Simon Breen

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Some pink flowers in an overcast afternoon light. The color study on the left, and the start of the first colour layer on the right.

For this picture, I'm using Blockx paints for the first time. Besides being more expensive than the Winsor Newton I normally use, they are also supposed to be more chromatic, and come in a more fluid state out of the tube.

I popped into the local flower shop the other day and bought some yellow spray roses. Here are a couple of color studies for a small (14x14cm) flower picture I'm about to start. The study on the left was painted with cadmium yellow light; the one on the right with cadmium yellow.

Three yellow roses.

A color study for a new painting (left) and the current state of play (right). In order to reach the high-chroma reds of the petals, I'm having to use a pigment called quinacridone (PV19). However, the pigment results in a paint that is transparent and has a high oil content, and I'm finding it difficult to handle. I hope to cover the issues I'm having in more detail in a later post.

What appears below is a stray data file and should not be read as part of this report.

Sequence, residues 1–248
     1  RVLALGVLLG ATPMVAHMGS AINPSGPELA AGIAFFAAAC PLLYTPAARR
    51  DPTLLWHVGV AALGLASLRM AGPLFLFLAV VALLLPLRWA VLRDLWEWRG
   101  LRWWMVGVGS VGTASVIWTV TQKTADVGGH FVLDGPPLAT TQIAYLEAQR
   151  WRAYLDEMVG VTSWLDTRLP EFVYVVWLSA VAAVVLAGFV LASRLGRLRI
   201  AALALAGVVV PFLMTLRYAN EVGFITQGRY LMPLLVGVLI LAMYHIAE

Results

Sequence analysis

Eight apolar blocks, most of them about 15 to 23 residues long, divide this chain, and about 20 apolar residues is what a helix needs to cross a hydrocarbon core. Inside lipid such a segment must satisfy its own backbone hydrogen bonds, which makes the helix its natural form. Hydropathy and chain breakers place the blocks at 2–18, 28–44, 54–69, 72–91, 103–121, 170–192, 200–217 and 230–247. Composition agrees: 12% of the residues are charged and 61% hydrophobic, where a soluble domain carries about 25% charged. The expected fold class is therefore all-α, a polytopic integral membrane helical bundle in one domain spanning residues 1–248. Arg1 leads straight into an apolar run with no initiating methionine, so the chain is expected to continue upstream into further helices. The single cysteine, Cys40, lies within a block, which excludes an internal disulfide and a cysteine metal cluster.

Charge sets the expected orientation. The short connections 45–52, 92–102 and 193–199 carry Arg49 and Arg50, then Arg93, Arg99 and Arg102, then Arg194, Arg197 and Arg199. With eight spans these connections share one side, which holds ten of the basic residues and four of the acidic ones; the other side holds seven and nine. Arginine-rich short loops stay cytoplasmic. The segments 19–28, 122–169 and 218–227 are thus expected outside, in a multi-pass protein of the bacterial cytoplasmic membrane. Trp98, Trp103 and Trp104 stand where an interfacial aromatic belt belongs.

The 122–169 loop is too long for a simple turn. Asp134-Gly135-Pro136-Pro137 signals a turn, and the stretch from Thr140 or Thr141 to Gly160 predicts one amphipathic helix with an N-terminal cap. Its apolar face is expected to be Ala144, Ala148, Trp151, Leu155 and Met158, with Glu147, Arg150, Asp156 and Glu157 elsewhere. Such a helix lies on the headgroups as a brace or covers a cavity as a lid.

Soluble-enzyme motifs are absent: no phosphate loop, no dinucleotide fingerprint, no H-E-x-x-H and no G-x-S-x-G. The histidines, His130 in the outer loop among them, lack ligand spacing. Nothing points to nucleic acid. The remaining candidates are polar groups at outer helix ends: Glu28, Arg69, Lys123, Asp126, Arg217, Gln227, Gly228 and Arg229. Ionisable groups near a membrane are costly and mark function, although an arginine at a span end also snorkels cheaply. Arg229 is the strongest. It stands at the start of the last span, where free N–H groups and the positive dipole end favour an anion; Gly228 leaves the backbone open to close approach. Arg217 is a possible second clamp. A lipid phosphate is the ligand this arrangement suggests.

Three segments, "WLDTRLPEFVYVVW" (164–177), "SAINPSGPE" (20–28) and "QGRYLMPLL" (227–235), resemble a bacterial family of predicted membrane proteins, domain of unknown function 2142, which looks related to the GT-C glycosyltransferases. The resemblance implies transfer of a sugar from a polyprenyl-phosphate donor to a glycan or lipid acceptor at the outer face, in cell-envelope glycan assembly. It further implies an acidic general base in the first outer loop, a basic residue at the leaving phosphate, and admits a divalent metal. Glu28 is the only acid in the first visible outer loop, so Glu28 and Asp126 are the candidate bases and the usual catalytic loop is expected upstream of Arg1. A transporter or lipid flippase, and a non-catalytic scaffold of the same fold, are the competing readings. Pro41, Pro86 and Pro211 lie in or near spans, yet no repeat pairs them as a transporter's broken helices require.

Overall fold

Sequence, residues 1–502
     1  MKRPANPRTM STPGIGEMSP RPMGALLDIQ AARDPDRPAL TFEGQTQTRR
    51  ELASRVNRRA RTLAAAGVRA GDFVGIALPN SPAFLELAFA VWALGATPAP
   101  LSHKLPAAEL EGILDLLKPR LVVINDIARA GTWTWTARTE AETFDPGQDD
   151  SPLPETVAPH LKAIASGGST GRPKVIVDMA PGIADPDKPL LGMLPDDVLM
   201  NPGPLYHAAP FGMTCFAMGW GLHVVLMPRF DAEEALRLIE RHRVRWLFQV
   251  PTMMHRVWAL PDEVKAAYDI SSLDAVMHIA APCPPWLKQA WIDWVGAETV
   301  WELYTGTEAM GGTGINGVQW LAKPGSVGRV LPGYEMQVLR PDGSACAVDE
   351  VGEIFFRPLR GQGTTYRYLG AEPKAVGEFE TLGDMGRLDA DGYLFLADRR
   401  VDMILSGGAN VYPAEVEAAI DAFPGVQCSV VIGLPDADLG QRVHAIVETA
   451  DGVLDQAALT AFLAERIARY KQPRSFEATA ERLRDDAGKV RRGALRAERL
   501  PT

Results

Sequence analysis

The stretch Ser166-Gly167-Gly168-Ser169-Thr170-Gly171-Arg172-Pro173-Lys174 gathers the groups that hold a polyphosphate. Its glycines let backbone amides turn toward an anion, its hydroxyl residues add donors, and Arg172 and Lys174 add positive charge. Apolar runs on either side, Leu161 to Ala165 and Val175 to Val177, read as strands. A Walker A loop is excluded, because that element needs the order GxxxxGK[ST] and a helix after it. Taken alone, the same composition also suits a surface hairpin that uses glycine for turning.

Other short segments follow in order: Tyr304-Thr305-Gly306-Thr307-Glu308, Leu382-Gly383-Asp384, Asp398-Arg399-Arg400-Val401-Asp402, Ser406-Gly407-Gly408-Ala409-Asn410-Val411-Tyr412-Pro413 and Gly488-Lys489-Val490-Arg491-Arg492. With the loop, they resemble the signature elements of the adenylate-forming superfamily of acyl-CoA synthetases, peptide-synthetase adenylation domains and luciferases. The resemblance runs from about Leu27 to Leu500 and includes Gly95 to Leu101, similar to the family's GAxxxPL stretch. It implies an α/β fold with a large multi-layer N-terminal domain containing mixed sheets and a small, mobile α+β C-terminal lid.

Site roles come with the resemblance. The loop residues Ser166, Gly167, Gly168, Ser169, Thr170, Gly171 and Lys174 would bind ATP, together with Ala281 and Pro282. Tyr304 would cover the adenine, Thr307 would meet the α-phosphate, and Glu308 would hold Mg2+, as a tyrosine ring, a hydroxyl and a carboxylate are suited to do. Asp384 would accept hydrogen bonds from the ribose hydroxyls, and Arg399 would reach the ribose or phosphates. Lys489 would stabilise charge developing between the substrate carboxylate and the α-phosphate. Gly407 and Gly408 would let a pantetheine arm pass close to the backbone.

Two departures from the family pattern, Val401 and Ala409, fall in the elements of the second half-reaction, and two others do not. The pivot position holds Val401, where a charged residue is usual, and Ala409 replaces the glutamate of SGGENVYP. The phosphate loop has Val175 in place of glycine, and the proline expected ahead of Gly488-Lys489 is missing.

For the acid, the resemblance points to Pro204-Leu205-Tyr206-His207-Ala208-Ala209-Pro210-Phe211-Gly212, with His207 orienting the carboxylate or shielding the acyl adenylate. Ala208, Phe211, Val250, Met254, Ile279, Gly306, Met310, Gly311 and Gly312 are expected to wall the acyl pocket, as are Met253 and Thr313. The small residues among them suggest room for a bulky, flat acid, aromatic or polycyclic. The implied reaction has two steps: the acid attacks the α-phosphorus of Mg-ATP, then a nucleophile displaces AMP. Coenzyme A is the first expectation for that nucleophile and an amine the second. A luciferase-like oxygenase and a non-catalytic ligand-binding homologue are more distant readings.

The panel I'm painting on has been prepared in my usual manner: a Shina plywood panel; coated with four layers of Liquitex gesso; each layer sanded with #180 sandpaper. After the final layer has been sanded, I rubbed in a mix of Raw Umber and Cobalt Blue diluted with petroleum. This gives the low-chroma green that can be seen in the background of the painting.

The completed first layer (left) and completed second layer (right). Click on the right hand image to bring up a gif of the changes made between the two layers. I'll let the painting dry for a couple of weeks, then varnish it.

I use Winsor & Newton paints for most of my colours (the most notable exception being Titanium White, for which I use Le Franc), but I've recently taken an interest in paints made by different manufacturers. Some William Harding tubes arrived last week, so I'm keen to compare them to my stock Winsor & Newton. Perhaps a couple of monochrome studies are in order.